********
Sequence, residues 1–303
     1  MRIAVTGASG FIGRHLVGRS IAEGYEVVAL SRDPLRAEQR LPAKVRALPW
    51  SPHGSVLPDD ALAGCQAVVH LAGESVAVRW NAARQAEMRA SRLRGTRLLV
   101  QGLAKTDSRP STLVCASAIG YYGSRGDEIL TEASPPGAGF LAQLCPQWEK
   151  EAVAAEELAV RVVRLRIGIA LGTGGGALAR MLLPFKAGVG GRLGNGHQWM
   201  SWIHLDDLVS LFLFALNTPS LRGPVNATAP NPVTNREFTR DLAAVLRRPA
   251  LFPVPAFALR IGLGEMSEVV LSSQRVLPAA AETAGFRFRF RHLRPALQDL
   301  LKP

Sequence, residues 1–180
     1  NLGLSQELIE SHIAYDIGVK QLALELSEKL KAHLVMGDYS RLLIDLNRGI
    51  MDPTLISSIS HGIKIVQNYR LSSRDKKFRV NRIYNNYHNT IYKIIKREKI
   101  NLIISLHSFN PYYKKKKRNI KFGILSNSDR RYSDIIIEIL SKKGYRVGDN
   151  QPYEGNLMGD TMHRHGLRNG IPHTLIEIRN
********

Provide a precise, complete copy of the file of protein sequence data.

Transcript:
Sequence, residues 1–303
     1  MRIAVTGASG FIGRHLVGRS IAEGYEVVAL SRDPLRAEQR LPAKVRALPW
    51  SPHGSVLPDD ALAGCQAVVH LAGESVAVRW NAARQAEMRA SRLRGTRLLV
   101  QGLAKTDSRP STLVCASAIG YYGSRGDEIL TEASPPGAGF LAQLCPQWEK
   151  EAVAAEELAV RVVRLRIGIA LGTGGGALAR MLLPFKAGVG GRLGNGHQWM
   201  SWIHLDDLVS LFLFALNTPS LRGPVNATAP NPVTNREFTR DLAAVLRRPA
   251  LFPVPAFALR IGLGEMSEVV LSSQRVLPAA AETAGFRFRF RHLRPALQDL
   301  LKP

Sequence, residues 1–180
     1  NLGLSQELIE SHIAYDIGVK QLALELSEKL KAHLVMGDYS RLLIDLNRGI
    51  MDPTLISSIS HGIKIVQNYR LSSRDKKFRV NRIYNNYHNT IYKIIKREKI
   101  NLIISLHSFN PYYKKKKRNI KFGILSNSDR RYSDIIIEIL SKKGYRVGDN
   151  QPYEGNLMGD TMHRHGLRNG IPHTLIEIRN